Joint Camp Frequently Asked Questions
How do I know I need a joint replacement?
When joint pain interferes with your ability to perform normal day-to-day activities such as work, exercise or sports, you may be a candidate for a joint replacement. Have an orthopedic surgeon evaluate your condition and advise you of the actions required to relieve the pain.
Am I too young for a joint replacement?
When your quality of life has changed dramatically because of a bad joint, you are old enough! Today’s artificial joint prostheses will last 15 to 20 years depending on your activity level. If the new joint allows you to return to pre-surgery activities that place stress on the joint such as running or tennis, and you are fairly young at the time of the replacement, a second replacement may be necessary later in your life.
How long will I be out of work or away from normal day-to-day activities?
Recovery time depends on your physical condition and dedication to post surgery therapy. Normal activities should be restricted until your progress indicates you can use a cane to assist you in your activities. Recovery time is generally about two months.
How soon can I start driving an automobile?
Your doctor will determine when it is safe for you to resume driving. This generally is when you are using a cane and are no longer taking pain or sedation medication. Remember, until your doctor gives you permission to drive, your automobile insurance is invalid.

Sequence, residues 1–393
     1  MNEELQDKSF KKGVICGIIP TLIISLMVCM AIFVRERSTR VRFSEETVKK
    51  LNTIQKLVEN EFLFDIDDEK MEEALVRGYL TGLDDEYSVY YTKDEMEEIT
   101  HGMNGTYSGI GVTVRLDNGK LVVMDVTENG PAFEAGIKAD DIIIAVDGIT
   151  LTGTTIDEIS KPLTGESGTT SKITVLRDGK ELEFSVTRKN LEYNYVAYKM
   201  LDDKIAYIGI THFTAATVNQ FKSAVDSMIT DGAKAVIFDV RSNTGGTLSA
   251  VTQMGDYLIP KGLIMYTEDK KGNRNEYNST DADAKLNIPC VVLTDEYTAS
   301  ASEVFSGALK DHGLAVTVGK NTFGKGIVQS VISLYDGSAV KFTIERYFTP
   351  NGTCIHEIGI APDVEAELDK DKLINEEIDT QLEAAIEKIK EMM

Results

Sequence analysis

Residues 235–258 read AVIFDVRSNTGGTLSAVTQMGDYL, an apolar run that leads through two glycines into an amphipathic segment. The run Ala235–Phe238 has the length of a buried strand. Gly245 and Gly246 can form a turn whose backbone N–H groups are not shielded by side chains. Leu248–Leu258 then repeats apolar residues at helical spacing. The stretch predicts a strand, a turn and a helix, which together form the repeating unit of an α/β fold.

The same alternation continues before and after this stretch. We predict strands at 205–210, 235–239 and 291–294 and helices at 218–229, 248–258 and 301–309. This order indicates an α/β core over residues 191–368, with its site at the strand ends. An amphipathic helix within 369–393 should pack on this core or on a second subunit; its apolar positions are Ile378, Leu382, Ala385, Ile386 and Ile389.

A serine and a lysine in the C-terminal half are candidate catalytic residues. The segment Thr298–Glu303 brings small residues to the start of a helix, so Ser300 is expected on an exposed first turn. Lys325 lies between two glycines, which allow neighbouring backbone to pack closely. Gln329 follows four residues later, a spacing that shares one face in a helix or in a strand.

Is joint replacement covered by insurance?
Most medical insurance covers joint replacement and post-hospital therapy. If you have a drug plan as part of your insurance, it will cover post-hospital medications. Check with your insurance carrier to determine the coverage for the physician, hospital and post-hospital therapy and any deductibles you may have to pay.
If I need both knees or both hips replaced, will they do them both at the same time?
It is preferable to replace one joint at a time. However, both knees or hips may be replaced simultaneously depending on the health and physical condition of the patient.
How much will this operation hurt – more or less than the pain I now have – and how long will the pain last?
Your pain may be worse immediately after the surgery. As you heal, the surgery pain will decrease, and you will notice that the arthritic pain in the joint has markedly decreased. Improvement should continue as the healing progresses.
How will my pain be controlled?
Our goal is to manage your pain effectively for maximum comfort. Your physician will prescribe your pain medication. It may be a Pain Control Analgesic pump, intravenous painkillers or shots. The day after surgery, these will be stopped and you will be offered oral medication for pain control, which is available every three to four hours.
What is the new joint made of?
The new joint prosthesis is made of a combination of plastic and metal. There are many options for the materials, including stainless steel, titanium, plastic or ceramic. Your physician will discuss the options and determine the material best suited for you.